psychic and physiological spheres. In hysteria it is chiefly the physiological functions that are
disturbed; in other neuroses, such as phobias, obsessions, and compulsion neuroses, it is chiefly
the psychic functions, including dreams.

For Jung, neurotic symptoms like these were an attempt on the part of the unconscious to
compensate for a one-sided attitude in the conscious mind which had not allowed them
full expression in the life of the person who suffered them. The key difference between
his early patients at the Burghölzli clinic and his later analysands was in the former's
inability to maintain the tension of the opposites necessary to psychological development
in their waking life; their ego. Here again, there are resonances with Janet*.

The repressed feminine

In social terms, the neurosis of history and the collective return of the repressed was often
carried by women patients, themselves subjected to social repression in a male-dominated
society. Feminist studies of psychoanalytic history have critiqued the role of psychiatry
and psychoanalysis as a purely diagnostic and curative set of practices, highlighting
instead the (unconscious) use of psychiatric labels and coercion as a political weapon in
the social struggle for gender equality.

For example, women whose gifts and abilities were underdeveloped because they were
considered unfeminine were seen as attempting to kick back against the patriarchal
system, and simply labelled 'nervous' or 'hysterical' when they continued to rebel.

"During an era when patriarchal culture felt itself to be under attack by its rebellious
daughters, one obvious defense was to label women campaigning for access to the
universities, the professions, and the vote as mentally disturbed," writes Elaine
Showalter.xiv She cites Freud and Breuer's studies in hysteria, in which they refute Janet's
view of hysteria as the result of a congenital psychical weakness:

Adolescents who later become hysterical are for the most part lively, talented and full of
intellectual interests until they fall ill; they often have a remarkably energetic will. This category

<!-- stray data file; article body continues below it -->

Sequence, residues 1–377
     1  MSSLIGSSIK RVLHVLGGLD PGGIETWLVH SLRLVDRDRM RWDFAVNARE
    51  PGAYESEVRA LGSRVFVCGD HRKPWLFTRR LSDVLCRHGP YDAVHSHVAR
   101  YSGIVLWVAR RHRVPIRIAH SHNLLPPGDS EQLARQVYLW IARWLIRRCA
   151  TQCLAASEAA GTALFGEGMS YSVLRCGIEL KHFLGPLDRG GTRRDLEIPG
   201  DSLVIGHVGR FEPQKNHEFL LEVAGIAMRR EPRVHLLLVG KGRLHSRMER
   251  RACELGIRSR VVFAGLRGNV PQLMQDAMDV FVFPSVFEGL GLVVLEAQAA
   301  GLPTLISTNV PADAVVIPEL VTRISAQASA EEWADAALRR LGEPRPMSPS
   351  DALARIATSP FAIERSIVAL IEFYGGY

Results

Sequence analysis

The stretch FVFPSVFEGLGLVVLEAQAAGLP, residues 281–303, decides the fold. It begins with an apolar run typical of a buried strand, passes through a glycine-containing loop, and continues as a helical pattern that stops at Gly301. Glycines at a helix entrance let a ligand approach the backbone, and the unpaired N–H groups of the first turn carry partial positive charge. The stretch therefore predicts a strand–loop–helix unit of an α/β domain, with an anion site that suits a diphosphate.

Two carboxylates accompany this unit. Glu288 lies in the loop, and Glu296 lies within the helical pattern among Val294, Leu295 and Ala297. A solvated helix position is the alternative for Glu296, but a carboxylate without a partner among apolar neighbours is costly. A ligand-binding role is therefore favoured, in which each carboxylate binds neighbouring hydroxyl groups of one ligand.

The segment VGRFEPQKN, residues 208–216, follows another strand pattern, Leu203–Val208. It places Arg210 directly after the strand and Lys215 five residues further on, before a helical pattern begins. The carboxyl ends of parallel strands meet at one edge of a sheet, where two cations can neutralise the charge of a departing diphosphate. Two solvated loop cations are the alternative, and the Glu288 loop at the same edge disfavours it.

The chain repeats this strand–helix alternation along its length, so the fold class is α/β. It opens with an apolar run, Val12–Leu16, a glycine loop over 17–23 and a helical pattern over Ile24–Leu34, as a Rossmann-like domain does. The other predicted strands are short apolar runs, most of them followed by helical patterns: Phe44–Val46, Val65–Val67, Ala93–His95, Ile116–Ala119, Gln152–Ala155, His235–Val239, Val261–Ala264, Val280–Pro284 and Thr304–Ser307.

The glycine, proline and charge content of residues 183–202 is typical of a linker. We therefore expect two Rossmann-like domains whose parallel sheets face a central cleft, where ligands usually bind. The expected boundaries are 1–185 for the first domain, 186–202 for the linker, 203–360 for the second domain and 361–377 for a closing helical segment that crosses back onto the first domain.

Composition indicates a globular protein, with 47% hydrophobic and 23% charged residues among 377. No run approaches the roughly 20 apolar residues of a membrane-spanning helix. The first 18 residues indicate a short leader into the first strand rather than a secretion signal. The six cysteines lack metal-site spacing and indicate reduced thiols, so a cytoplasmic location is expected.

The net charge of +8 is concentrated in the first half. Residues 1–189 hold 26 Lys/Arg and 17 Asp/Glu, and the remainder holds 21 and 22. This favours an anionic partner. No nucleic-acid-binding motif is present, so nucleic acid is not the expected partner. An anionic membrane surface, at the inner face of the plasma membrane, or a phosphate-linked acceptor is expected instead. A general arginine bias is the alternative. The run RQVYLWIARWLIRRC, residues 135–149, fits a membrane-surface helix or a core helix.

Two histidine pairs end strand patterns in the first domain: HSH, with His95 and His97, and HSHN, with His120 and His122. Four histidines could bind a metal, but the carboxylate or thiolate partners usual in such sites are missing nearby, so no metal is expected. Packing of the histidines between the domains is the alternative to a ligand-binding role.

includes girls who get up during the night to pursue in secret some kind of study that their parents
have forbidden them for fear of over-exertion.xv

In men, the repressed feminine in the form of the maternal unconscious, or in dreamlike
anima representations, manifested itself in such diagnoses as neurasthenia, which was
characterised by a lack of desire or motivation. Jung repeatedly linked tales of vampires
which suck a man's energy to a failure to get to grips with the anima. Many others who
came under the care of the psychiatric profession, male or female, saw themselves as
victims of social discrimination and repression, rather than as sick.

"Throughout the writings of the insane runs a wail of protest," writes Roy Porter, in
Madness: A Brief History. Citing the account of Clifford Beers, Porter describes Beers'
committal to a mental institution following relatively mild symptoms, which later
developed into a set of paranoid beliefs about his family. Beers, looking back, concludes
that his sense of persecution was relatively sane, given his arbitrary incarceration and
subjection to procedures very much resembling torture.xvi

In authoritarian or totalitarian states, psychology is under the aegis of a monistic

government, which arrogates all meaning-making to itself or to its ideological system.
Psychological appraisal, if it exists at all, is frequently used forensically, to lock up those
who are crazy enough to disagree with the all-powerful State. In such extreme
environments, biological causes for mental health problems tend to be disregarded by the
general population, who prefer to blame the regime for sending people mad. Behaviours
which in a liberal culture would be considered paranoid are the norm; only normal human
feeling is pathologised.xvii

Meaning, neurosis, and the body

The ambiguities and questions surrounding psychiatric diagnosis have called many others
to question the purpose of the psychiatric profession, the most notable of these being
Thomas Szasz, who suggested that psychiatry as practised is a disguised form of social
control and behaviour modification, rather than a genuine branch of medicine with
knowable diseases and cures.xviii

This has ramifications for the concept of neurosis, and therefore for the work done by
psychotherapists working with non-psychotic disturbances. Even given the strong
evidence for organic aspects to certain psychiatric disorders—for example the
relationship between dopamine and behaviours grouped under the diagnosis
'schizophrenia'—mental health groups are now campaigning for the abolition of the term